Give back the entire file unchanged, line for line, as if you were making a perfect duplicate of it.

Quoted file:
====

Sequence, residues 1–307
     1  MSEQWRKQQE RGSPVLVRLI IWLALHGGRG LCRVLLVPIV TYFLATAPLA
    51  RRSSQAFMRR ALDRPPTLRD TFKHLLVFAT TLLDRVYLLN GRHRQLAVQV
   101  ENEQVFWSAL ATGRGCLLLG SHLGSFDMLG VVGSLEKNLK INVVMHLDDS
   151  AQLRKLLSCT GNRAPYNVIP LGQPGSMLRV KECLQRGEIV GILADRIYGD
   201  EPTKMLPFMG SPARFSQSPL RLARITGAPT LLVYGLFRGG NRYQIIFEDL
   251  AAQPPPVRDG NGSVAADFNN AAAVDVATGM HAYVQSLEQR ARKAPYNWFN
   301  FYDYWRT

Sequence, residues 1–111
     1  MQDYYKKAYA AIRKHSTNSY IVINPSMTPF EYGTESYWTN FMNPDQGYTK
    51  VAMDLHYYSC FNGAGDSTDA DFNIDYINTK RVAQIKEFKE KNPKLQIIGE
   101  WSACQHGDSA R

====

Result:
Sequence, residues 1–307
     1  MSEQWRKQQE RGSPVLVRLI IWLALHGGRG LCRVLLVPIV TYFLATAPLA
    51  RRSSQAFMRR ALDRPPTLRD TFKHLLVFAT TLLDRVYLLN GRHRQLAVQV
   101  ENEQVFWSAL ATGRGCLLLG SHLGSFDMLG VVGSLEKNLK INVVMHLDDS
   151  AQLRKLLSCT GNRAPYNVIP LGQPGSMLRV KECLQRGEIV GILADRIYGD
   201  EPTKMLPFMG SPARFSQSPL RLARITGAPT LLVYGLFRGG NRYQIIFEDL
   251  AAQPPPVRDG NGSVAADFNN AAAVDVATGM HAYVQSLEQR ARKAPYNWFN
   301  FYDYWRT

Sequence, residues 1–111
     1  MQDYYKKAYA AIRKHSTNSY IVINPSMTPF EYGTESYWTN FMNPDQGYTK
    51  VAMDLHYYSC FNGAGDSTDA DFNIDYINTK RVAQIKEFKE KNPKLQIIGE
   101  WSACQHGDSA R